A Black female diversity officer told authors, “I can’t tell you how many times in training, somebody will say something, and I have to keep on my game face. I just nod, and I go ‘hmmm …’ Because I focus so much with my associates on neutrality, I have to model that … I have a very expressive face, and I work really hard at work not to let my face show my emotions.”


The report doesn’t specify what “something” was said, but hiding horror in the face of thundering ignorance or racism is an act of “surface acting,” and it wears down resolve. Most companies expect employees to put on a happy face and suppress negative emotions as policy. But even before a CEO demands it, U.S. culture is looking for the next opportunity to call a Black employee or a woman “too sensitive” or “emotional.” And guess who typically finds themselves in the role of DEI officer..


The report offers some helpful hints for combatting the workplace temptation to chuck your DEI duties and go back to the cubicle. “Creating a Learning-and-Effectiveness Model to Support DEI Leaders,” “Conduct[ing] regular DEI climate assessments,” ensuring top management leads by example and demonstrates “consistent, enthusiastic DEI support,” are some examples. But the national trend of denying the existence of hundreds of years of generational racism and general wooden-headedness is threatening to send the nation into a 1950s backslide.


“Many of these programs are being defunded in lots of ways. The environment is very hostile,” said report co-author Louwanda Evans, associate professor of sociology and chair of African American Studies at Millsaps College, in Mississippi. “It contributes to the burnout. It carries the awareness that there’s some devaluation in your job, with the people you work with, the company you work for, and within the larger social and cultural landscape.”


Evans told BGX the growing wave of national opposition may harden the resolve of some individuals and drive them on rather than out, but legal moves by anti-inclusive politicians are giving even these stalwarts a headache and making their jobs difficult.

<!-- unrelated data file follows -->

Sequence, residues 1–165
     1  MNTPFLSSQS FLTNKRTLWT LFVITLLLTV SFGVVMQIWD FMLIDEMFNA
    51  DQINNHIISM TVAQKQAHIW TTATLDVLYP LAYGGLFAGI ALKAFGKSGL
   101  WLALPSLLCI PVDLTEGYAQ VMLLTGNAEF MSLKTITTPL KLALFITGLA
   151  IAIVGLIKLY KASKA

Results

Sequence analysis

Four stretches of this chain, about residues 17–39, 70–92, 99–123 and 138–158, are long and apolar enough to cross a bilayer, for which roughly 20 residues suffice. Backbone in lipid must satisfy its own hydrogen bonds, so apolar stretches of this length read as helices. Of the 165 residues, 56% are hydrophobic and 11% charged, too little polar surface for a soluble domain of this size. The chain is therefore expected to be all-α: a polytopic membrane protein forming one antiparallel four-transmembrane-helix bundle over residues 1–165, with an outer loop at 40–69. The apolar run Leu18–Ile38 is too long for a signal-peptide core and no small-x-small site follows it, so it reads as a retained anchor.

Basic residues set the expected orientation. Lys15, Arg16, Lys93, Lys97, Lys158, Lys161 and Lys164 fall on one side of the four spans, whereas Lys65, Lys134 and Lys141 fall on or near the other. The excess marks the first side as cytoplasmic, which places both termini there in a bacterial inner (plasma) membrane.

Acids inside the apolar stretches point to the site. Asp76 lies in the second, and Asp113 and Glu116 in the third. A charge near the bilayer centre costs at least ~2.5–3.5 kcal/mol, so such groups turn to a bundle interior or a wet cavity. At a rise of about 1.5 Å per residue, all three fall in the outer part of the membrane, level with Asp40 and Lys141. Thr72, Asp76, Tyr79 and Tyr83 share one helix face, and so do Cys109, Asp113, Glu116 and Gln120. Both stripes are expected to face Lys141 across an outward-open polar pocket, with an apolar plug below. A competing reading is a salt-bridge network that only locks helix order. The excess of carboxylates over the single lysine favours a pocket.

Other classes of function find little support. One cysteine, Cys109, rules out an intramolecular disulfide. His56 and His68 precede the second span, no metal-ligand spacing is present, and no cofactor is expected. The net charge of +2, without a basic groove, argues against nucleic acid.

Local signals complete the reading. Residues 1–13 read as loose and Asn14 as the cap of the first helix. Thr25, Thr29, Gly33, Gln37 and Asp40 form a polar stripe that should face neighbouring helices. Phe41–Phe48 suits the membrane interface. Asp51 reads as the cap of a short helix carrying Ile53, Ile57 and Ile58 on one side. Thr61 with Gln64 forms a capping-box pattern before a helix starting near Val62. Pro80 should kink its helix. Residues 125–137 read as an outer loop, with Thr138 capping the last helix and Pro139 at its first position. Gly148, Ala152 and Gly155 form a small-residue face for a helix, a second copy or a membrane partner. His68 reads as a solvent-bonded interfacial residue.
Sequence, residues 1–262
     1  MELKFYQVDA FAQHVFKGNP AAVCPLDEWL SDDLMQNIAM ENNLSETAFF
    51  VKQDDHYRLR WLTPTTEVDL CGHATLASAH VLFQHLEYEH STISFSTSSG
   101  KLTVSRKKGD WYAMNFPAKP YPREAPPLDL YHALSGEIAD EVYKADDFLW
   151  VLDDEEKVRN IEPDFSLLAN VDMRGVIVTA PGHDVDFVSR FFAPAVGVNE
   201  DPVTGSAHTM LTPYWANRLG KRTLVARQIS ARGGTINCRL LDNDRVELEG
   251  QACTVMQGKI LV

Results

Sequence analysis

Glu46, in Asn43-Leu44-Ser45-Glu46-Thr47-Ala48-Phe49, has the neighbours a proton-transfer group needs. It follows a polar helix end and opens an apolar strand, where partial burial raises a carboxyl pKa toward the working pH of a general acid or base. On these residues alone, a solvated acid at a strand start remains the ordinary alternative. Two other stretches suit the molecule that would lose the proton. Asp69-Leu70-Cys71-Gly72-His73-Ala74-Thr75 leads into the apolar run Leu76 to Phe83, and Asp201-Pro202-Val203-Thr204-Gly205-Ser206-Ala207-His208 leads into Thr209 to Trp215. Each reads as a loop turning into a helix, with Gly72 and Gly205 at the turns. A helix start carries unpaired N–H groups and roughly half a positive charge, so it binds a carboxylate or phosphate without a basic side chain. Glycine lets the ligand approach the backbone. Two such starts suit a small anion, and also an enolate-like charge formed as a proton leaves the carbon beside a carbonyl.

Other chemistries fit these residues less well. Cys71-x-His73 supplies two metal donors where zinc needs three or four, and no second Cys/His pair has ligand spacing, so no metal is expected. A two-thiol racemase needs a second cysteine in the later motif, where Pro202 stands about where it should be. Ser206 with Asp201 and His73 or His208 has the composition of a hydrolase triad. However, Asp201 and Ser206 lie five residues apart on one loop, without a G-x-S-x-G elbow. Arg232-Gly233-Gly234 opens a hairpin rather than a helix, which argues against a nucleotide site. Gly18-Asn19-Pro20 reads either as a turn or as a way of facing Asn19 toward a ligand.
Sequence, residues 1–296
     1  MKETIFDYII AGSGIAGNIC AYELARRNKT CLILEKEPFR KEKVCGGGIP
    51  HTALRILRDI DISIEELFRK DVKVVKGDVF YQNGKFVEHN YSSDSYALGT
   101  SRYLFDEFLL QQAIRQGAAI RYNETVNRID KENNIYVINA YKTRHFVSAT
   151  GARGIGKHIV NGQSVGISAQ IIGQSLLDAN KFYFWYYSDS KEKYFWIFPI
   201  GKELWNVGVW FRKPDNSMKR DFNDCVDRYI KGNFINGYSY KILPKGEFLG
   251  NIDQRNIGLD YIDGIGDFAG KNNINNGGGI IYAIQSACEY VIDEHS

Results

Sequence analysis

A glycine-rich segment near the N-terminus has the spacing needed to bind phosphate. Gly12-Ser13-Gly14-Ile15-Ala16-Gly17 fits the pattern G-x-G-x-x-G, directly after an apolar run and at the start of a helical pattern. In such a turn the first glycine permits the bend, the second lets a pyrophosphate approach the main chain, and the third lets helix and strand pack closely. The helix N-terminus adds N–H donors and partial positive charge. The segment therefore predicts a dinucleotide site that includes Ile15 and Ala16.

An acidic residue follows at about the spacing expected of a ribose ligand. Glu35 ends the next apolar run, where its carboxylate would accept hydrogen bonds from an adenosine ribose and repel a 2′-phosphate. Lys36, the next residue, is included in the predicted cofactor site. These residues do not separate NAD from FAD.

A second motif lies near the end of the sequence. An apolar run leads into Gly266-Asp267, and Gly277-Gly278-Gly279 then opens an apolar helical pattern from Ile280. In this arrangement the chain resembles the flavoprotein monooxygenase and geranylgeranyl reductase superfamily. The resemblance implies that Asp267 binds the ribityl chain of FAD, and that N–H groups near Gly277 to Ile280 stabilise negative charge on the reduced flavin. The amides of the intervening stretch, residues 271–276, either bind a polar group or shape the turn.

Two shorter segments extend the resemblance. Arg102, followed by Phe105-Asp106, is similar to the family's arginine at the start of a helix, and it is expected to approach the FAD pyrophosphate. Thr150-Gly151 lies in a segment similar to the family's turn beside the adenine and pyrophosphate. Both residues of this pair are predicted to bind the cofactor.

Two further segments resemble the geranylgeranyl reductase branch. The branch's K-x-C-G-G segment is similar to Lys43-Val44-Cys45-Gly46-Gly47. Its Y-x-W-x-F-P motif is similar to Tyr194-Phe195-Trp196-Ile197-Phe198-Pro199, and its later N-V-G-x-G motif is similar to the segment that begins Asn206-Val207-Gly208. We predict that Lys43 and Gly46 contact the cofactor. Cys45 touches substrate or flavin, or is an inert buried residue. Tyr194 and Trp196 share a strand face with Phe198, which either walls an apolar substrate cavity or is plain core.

“I got a phone call the other night from a (Southern state) dean of education and she was getting some backlash from some southern governors about a course on anti-bias, and she’s like, ‘I want to keep this course, but I’m incredibly tired. Do you have some suggestions for name changes?’ There are lots of places now that have banned certain words.”


Last year, The Georgia Professional Standards Commission voted to delete words like “diversity,” “equity,” and “inclusion” from rules that guide colleges and educator-training programs. At the time, DeKalb County teacher Chris Andrews described the vote as “a travesty.”


“Without some sort of diversity, equity, inclusion training, or even mention thereof, are we even able to interact with each other in effective ways?” he questioned.


That’s what Evans and others are having to deal with. When book-burner types make one name legally toxic, a new name must be found. The problem there, of course, is encroaching ambiguity.


“When even something like ‘inclusion’ becomes tricky, well, then what are you supposed to do, or say? You’re seeing people moving from RDI (relevancy, diversity, and inclusion) to DEI (diversity, equity, and inclusion) to DIB (diversity, inclusion and belonging), so they’re trying to make some changes to stay afloat. But we want to make sure we don’t get to a place where the intent of it all is lost completely trying to satisfy others,” Evan’s said. “What tends to happen is new words become a catchall for everybody, which can mean anybody, for the most part.”